Susan Montez’s Notes on Interview with Mary Arredando, Half-Sister of Carlos DeLuna (July 26, 2004) at 2 (“The school got after Margarita for this [keeping her kids out of school], but she just ignored them. One day, Mary was called into the office and asked why she had so many absences. She explained that her mother needed money and had to work outside the house. Someone had to take care of the littlest children. After that, the school gave Mary a job in the school cafeteria, and also found babysitting jobs for her, so that she could contribute to the family income.”).

42.

Transcribed Videotape Interview with Vicky Gutierrez, Half-Sister of Carlos DeLuna, in Garland, Texas (Feb. 27, 2005), at 00:02:00–00:03:49, 00:12:17–00:12:46 (“[My mother] used to take care of us because she was like a mother and dad to all of us. She would work and, you know, do whatever she did to be able to take care of us. We were a family of nine.”; “When she was with [Joe DeLuna], it was ok. But after he left her, it was kind of hard because she had to work more because we were now more, more kids that she had to take care of. It was kind of hard for her, it was kind of hard, you could say that, to be able to take care of us.”);

Transcribed Videotape Interview with Rose Rhoton, Sister of Carlos DeLuna, in Houston, Tex. (Feb. 26, 2005) at 19:46:25–19:48:11:

Our life wasn’t easy as kids, my mom, like I said. She was—My mom had a total of ten kids. So it was really hard for our mom to raise us last three kids. So it was pretty much taking care of ourselves, and looking after ourselves. I’m not saying that my mom was a bad mom, but our step dad was an alcoholic. And it was really hard living in that lifestyle. And they weren’t, my parent’s weren’t parents that encouraged you to finish school. That wasn’t their lifestyle. They had a totally different lifestyle. Education wasn’t one of [their priorities].

See also Susan Montez’s Notes on Interview with Toni Peña, Half-Sister of Carlos DeLuna (July 25, 2004) at 2:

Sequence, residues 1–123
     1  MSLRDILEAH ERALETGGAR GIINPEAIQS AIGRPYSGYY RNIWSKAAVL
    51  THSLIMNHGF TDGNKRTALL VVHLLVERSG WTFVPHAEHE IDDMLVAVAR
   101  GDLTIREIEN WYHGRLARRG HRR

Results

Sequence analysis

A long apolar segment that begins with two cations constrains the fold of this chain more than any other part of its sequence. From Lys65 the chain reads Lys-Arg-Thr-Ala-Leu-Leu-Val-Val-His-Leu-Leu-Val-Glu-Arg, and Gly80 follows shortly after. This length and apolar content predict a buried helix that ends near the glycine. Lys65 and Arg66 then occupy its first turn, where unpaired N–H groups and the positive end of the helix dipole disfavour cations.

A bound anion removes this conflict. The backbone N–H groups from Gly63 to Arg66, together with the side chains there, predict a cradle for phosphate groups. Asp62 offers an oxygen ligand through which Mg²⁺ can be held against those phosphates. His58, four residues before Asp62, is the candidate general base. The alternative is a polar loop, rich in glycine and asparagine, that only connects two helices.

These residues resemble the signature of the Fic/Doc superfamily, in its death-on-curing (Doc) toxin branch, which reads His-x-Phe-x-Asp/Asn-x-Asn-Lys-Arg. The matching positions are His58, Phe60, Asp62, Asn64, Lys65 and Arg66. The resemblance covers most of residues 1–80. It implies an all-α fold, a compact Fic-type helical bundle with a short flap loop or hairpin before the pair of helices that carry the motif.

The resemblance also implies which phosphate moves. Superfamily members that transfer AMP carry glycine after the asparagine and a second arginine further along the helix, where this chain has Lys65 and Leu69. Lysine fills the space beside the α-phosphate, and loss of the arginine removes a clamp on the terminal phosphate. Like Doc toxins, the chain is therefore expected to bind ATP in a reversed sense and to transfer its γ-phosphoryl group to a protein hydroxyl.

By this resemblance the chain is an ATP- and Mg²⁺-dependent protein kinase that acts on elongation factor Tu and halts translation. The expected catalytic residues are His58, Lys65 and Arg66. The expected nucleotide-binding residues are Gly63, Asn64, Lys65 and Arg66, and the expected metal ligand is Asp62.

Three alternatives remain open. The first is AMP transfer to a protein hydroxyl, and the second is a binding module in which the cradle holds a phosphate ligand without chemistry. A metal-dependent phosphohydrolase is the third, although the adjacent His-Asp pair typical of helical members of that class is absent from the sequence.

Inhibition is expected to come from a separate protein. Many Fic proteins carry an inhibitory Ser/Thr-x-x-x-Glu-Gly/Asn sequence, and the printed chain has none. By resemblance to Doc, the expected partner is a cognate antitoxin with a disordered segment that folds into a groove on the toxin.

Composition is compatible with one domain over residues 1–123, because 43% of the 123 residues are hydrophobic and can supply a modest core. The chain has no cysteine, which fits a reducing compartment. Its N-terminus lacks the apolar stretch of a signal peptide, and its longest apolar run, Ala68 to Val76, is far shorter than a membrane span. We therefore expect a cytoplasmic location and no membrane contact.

In 1961, [Toni] dropped out of Ray High School in the eleventh grade and got married. Toni and Jose Peña got married in Holy Family Church. Toni was the only one of the family to get married in church, and Margarita was very happy about it, although it was her dream that all her children would do so. Toni said she later got a GED and went on to attend DelMar Junior College, where she got associate degrees in early childhood development and cosmetology. When she said ‘cosmetology,’ Toni covered her face and laughed. Belinda said that Toni had done all the hours of training necessary to get the cosmetology degree, and then never used it.

43.

Susan Montez’s Notes on Interview with Rose Rhoton, Sister of Carlos DeLuna (July 19, 2004) at 5 (“There was no loving, no hugs, no ‘good mornings.’ Margarita just wanted the kids married and out of the house. It did not seem to bother her that Vincent left and never came back. What mattered was that he was out of the house.”).

44.

Susan Montez’s Notes on Interview with Rose Rhoton, Sister of Carlos DeLuna (July 19, 2004) at 5;

see Susan Montez’s Notes on Interview with Rose Rhoton, Sister of Carlos DeLuna (July 19, 2004) at 1–2 (“All of the six were close to their mother except Vincent. He did not come to their mother’s funeral.”; “Rose has only seen Vincent, the oldest, two times in her life. Vincent left and never came back. He took care of himself. . . . Rose heard that he changed his name, got married and had a family.”);